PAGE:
Wednesday, 10 October 2018

MUSINGS AND ... GOING OFF AT TANGENTS

I sat in Costa over my Capuccino, having hobbled slowly down the hill from our estate. It was a lovely hobble - the story of which I'll expand on later - through a pathway/tunnel of trees that were mere saplings when we first arrived in Alton, over thirty years ago.  It cuts through Flood Meadows, or 'Floodies' or 'Floods' as we locals often call it, and Husband and I extol its virtues regularly. So lucky to live here.


We were introduced to Alton by Husband's boss at the time (1980s). We lived in Farnborough, Hampshire, just after we married, on an ex-council house estate, and we could have made the most of it. Not a pretty town, but we could have explored more, because there are interesting places to visit, but we were too wrapped up in ourselves - I was up and down emotionally - and work, and  too lazy to think about it. I was doing voluntary work in the local hospital and Husband's work was nearby.

Then I decided to return to art college. I'd done a year's Foundation Art Course after school and have always regretted not going onto a three-year fine art course at college, but was too stubborn (really?!), insisting on going straight into an art studio in London as a Girl Friday and working up to studio jobs. I remember our tutors asking us, one at a time, which college we'd applied to, and I was the only one who said I intended to find a job. Can't remember their responses. Not encouraging, I think. But the boss in this London studio was a male chauvinist, and I remember Mick, a boy in a similar situation, telling me that I should have had proper graphic design work to do after six months, so I left after a year there. (The title of Girl Friday died many years ago, thankfully).

I had travelled a fair bit before I met Husband. My parents introduced me to Europe, and, aged twenty-two, I spent six weeks in Bavaria trying to find work. My eccentric horticultural friend, Gordon, introduced me to Anselm, his colleague, who's kind family invited me to stay with them in their pretty house beside a lake in Wessling, a half hour rail trip from Munich. Anselm decided we were engaged by the time I left! (I had to let him down gently).  I spent two days as a 'zimmer madchen' (chamber maid) and hated the early mornings. Thus endeth my German period, but 'Ich sprechen ein bitchen Deutsche, aber nicht fille!' (I speak a bit of German, but not much!). Surprising what you pick up in six weeks. Beats school teaching (I failed French O'Level three times. Whatever).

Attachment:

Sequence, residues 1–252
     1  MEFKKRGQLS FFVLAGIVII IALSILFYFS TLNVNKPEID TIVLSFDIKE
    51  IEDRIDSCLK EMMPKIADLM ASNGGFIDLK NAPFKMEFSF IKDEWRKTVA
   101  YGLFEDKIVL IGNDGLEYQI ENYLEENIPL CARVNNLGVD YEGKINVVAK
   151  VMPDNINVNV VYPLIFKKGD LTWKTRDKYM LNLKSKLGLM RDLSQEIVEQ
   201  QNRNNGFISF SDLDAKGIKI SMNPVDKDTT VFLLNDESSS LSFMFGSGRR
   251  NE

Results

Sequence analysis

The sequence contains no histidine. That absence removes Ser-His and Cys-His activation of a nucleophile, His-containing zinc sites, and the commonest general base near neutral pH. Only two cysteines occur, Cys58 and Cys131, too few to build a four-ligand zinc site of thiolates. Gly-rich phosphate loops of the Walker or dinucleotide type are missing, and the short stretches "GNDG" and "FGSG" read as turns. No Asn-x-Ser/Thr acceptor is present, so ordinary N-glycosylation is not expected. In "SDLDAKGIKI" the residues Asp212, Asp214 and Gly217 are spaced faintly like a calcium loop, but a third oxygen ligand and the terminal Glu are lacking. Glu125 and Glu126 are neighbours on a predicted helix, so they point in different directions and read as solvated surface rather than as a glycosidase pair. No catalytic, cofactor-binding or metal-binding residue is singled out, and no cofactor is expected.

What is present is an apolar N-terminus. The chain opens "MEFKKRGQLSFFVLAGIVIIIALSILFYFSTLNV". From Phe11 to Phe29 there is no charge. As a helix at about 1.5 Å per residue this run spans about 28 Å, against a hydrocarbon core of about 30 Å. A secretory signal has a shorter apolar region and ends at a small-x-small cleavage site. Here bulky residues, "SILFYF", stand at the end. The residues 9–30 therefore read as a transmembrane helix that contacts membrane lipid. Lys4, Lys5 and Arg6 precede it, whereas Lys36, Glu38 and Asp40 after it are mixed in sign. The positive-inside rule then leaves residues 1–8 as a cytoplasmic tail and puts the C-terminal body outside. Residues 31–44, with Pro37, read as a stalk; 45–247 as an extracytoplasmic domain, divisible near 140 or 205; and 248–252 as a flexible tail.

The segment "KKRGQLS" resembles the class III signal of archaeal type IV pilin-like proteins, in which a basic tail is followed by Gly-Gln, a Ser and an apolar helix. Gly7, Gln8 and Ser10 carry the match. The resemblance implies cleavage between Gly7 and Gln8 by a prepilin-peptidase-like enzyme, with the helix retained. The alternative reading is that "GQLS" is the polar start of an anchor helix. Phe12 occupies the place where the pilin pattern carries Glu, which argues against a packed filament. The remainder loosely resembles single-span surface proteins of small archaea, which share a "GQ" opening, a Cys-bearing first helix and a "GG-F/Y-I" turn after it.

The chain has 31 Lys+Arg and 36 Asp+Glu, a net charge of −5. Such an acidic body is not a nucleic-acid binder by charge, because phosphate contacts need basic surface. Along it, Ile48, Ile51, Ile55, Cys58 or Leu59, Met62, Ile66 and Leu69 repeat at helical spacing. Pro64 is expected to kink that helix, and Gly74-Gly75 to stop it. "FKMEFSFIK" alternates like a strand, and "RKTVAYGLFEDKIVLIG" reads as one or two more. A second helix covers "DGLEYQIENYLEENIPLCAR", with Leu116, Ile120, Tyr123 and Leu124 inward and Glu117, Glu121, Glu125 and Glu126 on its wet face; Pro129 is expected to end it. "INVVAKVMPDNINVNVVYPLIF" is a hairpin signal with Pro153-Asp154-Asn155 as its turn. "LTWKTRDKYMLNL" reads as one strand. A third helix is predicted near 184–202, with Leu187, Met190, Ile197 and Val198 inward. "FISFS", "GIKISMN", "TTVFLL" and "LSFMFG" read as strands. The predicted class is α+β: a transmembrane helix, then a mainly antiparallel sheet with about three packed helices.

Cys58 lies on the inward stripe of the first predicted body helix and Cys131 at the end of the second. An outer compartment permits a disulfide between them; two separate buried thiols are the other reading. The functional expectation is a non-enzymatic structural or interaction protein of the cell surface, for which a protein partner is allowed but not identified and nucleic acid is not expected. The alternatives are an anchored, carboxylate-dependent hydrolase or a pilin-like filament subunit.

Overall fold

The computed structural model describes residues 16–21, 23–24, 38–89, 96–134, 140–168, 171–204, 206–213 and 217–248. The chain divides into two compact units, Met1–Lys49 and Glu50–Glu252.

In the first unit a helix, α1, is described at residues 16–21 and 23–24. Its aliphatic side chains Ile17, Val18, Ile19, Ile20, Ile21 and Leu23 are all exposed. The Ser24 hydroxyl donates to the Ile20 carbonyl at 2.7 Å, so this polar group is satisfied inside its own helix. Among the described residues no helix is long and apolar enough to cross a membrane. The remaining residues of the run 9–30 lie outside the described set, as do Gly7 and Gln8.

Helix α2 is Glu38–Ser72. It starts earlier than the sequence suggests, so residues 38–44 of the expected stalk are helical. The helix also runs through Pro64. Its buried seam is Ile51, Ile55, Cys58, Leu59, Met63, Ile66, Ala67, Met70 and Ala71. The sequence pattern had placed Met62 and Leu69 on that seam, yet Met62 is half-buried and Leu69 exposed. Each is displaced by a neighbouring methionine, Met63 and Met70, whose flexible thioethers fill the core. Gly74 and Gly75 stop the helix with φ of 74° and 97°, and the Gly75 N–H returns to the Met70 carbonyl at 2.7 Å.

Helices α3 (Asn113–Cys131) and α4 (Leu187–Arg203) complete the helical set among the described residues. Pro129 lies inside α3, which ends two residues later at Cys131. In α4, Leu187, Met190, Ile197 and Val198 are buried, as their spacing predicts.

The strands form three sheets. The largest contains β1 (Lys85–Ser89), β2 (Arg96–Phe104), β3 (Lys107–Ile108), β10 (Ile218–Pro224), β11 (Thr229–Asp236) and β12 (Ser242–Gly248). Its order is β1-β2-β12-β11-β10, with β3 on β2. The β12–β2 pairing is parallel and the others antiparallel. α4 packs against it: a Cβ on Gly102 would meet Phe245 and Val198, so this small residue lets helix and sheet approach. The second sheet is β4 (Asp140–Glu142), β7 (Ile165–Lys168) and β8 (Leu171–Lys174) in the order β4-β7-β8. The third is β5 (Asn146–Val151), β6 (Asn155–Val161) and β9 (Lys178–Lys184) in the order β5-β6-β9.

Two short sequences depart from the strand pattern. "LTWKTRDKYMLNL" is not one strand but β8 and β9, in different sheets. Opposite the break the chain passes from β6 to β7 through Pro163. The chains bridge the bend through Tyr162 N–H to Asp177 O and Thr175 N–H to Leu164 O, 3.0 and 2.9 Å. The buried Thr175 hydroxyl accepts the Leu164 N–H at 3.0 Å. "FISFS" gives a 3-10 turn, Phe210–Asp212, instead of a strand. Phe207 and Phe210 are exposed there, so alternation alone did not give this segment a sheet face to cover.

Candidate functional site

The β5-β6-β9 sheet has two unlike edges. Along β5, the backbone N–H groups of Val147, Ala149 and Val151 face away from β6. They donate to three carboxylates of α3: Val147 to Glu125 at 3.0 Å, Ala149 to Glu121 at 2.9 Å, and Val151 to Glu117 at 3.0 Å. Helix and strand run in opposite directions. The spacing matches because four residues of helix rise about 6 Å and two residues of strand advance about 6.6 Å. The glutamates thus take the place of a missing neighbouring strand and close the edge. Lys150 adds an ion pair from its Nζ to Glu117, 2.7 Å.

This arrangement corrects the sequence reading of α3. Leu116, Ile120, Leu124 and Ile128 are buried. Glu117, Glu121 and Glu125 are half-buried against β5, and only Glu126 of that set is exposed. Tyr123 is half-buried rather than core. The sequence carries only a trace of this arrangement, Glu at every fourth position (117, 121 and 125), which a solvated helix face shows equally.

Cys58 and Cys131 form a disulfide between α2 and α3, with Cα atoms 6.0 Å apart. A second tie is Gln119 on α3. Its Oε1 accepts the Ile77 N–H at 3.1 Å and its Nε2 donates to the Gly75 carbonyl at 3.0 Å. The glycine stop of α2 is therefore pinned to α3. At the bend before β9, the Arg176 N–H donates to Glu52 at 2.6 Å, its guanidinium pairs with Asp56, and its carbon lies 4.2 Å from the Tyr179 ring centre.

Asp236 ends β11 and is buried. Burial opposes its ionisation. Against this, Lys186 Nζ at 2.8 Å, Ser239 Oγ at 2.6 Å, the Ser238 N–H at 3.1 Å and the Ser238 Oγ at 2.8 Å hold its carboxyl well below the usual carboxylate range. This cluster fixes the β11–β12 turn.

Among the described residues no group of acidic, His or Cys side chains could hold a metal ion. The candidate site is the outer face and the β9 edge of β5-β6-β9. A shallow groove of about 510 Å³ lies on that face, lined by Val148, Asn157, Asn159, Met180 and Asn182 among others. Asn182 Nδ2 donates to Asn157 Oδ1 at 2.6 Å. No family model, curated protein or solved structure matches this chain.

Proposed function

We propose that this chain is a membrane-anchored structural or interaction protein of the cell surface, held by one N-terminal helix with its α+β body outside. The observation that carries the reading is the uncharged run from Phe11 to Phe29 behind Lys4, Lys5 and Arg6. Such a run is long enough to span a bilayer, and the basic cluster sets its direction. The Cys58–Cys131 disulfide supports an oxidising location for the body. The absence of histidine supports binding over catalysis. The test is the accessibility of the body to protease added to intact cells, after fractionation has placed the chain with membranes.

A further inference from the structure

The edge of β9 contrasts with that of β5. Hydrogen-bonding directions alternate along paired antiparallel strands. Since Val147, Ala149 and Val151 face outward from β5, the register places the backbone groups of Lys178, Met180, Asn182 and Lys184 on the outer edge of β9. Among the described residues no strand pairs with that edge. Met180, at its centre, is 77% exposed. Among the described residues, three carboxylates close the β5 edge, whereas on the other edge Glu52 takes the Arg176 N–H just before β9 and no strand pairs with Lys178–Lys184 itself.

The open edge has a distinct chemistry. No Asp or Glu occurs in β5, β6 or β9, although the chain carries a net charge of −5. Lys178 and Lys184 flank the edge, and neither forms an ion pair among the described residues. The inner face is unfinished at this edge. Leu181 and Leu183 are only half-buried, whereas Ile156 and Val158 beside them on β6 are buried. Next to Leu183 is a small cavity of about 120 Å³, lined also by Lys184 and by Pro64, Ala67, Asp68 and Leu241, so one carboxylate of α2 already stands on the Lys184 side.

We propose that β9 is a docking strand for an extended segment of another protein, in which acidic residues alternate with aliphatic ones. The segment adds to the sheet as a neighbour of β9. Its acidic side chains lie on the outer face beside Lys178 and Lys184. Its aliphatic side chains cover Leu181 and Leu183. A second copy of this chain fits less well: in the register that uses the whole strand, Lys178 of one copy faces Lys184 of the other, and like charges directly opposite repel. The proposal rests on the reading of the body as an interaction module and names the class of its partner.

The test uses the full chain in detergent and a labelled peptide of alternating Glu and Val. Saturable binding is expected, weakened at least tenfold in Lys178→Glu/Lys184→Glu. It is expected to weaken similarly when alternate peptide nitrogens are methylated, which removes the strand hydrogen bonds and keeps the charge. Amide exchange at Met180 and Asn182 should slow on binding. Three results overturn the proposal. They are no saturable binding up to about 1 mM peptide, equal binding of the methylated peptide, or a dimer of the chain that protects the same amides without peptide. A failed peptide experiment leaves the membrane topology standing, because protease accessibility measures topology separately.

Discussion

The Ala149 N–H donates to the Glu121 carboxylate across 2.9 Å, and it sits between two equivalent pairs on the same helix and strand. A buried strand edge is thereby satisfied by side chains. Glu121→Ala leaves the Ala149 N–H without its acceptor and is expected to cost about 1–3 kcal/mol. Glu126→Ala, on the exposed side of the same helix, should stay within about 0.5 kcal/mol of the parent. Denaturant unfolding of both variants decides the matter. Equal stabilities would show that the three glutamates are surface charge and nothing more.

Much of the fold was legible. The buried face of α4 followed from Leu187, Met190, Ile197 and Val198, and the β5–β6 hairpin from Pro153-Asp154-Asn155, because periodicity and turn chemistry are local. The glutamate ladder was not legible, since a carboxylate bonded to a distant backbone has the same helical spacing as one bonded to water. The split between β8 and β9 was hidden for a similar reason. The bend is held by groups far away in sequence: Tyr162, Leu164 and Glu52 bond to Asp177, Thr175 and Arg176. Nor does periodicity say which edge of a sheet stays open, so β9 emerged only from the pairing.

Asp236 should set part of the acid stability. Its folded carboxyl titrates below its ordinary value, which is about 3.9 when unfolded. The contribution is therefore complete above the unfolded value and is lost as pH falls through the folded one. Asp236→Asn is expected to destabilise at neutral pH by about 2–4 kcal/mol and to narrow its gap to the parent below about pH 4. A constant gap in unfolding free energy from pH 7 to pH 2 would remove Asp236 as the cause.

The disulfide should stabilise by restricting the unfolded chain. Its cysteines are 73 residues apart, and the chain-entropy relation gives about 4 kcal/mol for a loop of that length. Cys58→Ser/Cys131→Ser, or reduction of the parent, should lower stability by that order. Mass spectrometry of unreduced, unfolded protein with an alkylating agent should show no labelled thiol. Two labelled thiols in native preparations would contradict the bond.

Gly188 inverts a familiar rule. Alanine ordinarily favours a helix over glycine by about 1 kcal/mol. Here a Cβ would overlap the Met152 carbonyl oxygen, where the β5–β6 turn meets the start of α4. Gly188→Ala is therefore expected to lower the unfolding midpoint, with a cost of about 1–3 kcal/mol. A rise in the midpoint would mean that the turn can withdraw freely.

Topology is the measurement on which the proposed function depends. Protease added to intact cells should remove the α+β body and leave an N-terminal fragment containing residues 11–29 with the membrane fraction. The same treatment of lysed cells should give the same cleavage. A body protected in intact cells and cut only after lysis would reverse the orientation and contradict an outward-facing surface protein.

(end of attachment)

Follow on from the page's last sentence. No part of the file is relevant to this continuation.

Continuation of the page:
I also spent three months in the springs of 1978/9 on Greyhound bus trips around the States (fabulous!), and did many temporary jobs back home. One such was several months at Kew Gardens, first as a clerical assistant, counting the penny takings, then as a messanger in the herbarium, working with a bunch of hilarious old gents for the botanists working so studiously in their inner sanctum (which looked a lot like one of the greenhouses) that a bell was rung when their day ended. It was either messangering, or the typing pool. No contest.


I had a couple of advertising studio jobs, two of them near Hampton Court Palace, a short cycle ride from home. One was a Victorian house with a basement studio. I worked with a bunch of men - Ron, the boss, was the oldest, and I liked the fact that I wasn't shy of him, but, strictly speaking, his habit of putting his hand on my back would be frowned upon today.

I worked with two Keiths. One was a middle-aged, slightly grumpy golf addict, the other was a young, dishy cartoonist. I fancied the latter, but he was too old for me, and married. I did receive a Valentine's day card, but that was from the rather geeky young lad working for the photographer. Sweet boy!

After my Greyhound bus trips I met and married Husband. My soulmate/rock/best friend. We moved to Farnborough, then his boss, who lived in Alton, suggested we move to Alton. We took a trip here and fell in love with it. At this point I successfully applied for a three-year illustration course and travelled to Twickenham, near London, every day.